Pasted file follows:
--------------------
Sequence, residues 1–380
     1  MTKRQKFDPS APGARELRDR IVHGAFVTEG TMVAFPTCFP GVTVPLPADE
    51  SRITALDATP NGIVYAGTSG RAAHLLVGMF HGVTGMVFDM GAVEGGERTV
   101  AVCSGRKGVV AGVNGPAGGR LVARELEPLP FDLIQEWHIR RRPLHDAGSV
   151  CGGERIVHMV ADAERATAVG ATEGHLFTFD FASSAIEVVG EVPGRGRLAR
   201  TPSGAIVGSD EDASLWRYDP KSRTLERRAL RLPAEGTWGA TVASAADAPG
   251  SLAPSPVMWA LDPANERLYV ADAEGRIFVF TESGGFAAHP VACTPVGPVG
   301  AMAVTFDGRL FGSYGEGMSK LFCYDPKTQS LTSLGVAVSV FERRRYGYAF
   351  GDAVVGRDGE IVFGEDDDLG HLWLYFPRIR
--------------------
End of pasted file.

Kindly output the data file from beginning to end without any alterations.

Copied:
Sequence, residues 1–380
     1  MTKRQKFDPS APGARELRDR IVHGAFVTEG TMVAFPTCFP GVTVPLPADE
    51  SRITALDATP NGIVYAGTSG RAAHLLVGMF HGVTGMVFDM GAVEGGERTV
   101  AVCSGRKGVV AGVNGPAGGR LVARELEPLP FDLIQEWHIR RRPLHDAGSV
   151  CGGERIVHMV ADAERATAVG ATEGHLFTFD FASSAIEVVG EVPGRGRLAR
   201  TPSGAIVGSD EDASLWRYDP KSRTLERRAL RLPAEGTWGA TVASAADAPG
   251  SLAPSPVMWA LDPANERLYV ADAEGRIFVF TESGGFAAHP VACTPVGPVG
   301  AMAVTFDGRL FGSYGEGMSK LFCYDPKTQS LTSLGVAVSV FERRRYGYAF
   351  GDAVVGRDGE IVFGEDDDLG HLWLYFPRIR